Emma Stone talks about growing up with panic attacks
Emma Stone always plays a confident woman on screen. But in a new interview, she talks about growing up with a fear of people.
Every actor gets their inspiration in their own way. But for Emma Stone, her fear of people helped channel her acting.
The 23-year-old actress spoke with Vogue magazine this month about how she got into acting, and the fear that kept her away from friends for many years.
"I was just kind of immobilized by it," she said, explaining the panic attacks, according to People. "I didn't want to go to my friends' houses or hang out with anybody, and nobody really understood."
But, Stone knew from a young age she wanted to be an actress, and it helped her push through the fear. And if anything, it helped her characters.
"[Being on stage] gave me a sense of purpose. I wanted to make people laugh," she told Vogue. "Comedy was my sport. It taught me how to roll with the punches. Failure is the exact same as success when it comes to comedy because it just keeps coming. It never stops."
The actress has had numerous successes since her first screen role in 2007’s Superbad.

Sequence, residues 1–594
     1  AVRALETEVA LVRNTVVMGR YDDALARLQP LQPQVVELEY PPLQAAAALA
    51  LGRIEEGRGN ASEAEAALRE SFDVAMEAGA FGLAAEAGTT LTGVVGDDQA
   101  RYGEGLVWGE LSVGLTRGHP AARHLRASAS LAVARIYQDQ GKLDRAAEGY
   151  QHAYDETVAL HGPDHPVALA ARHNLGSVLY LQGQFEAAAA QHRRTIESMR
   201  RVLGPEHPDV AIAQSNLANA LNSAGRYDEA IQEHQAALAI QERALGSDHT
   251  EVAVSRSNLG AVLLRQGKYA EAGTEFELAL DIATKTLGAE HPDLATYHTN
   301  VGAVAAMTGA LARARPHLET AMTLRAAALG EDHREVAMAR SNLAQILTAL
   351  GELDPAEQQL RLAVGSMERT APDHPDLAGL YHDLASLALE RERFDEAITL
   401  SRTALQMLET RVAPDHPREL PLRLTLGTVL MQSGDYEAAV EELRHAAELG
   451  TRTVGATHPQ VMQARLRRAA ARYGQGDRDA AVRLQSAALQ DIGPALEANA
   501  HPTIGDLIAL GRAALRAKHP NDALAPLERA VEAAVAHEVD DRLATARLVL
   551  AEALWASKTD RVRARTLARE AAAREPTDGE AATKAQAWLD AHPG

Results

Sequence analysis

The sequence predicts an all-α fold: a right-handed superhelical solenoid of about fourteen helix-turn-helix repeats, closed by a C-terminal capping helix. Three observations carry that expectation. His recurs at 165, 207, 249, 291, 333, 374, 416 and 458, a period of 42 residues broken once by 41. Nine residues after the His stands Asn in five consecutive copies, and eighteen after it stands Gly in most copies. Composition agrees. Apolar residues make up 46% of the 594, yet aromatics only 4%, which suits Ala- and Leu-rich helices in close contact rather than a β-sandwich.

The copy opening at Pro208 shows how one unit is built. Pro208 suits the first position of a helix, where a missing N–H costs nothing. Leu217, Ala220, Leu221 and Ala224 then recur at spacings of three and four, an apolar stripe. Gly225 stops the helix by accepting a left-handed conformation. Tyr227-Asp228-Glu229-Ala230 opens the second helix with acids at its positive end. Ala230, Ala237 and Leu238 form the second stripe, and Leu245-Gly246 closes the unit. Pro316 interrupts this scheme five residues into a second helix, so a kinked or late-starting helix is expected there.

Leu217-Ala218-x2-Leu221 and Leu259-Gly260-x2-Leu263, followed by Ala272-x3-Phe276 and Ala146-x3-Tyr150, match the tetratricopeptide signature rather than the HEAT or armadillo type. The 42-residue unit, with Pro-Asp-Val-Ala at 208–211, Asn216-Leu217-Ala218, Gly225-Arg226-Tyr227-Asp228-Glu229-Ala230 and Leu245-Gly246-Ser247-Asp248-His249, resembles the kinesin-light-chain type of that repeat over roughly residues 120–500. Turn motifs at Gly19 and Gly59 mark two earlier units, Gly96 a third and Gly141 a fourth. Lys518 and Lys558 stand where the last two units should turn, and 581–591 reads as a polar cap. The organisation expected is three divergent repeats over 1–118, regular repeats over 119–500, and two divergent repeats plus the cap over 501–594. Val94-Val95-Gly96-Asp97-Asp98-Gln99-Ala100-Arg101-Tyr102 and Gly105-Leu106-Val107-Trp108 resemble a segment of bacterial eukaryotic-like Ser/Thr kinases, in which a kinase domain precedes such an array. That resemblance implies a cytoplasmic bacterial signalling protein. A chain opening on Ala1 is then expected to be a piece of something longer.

The magazine reports that Stone convinced her parents to let her drop out of high school when she was younger than most teens are when they even consider getting their first job.
“[She] reveals how she launched into acting at the age of fourteen (to convince her parents to let her move to L.A. to pursue her dream, she made a PowerPoint presentation),” according to the interview. “That may have been her first major performance.”
Andrew Garfield, who plays Spider-Man as well as Stone’s boyfriend in the movie, talks about working with the actress.
“Working with Emma was like diving into a thrilling, twisting river and never holding on to the sides,” he said. “From the start. To the end. Spontaneous. In the moment. Present. Terrifying. Vital. The only way acting with someone should be.”
The Amazing Spider-Man comes to theaters July 3. The Vogue issue with Emma Stone on the cover is out now.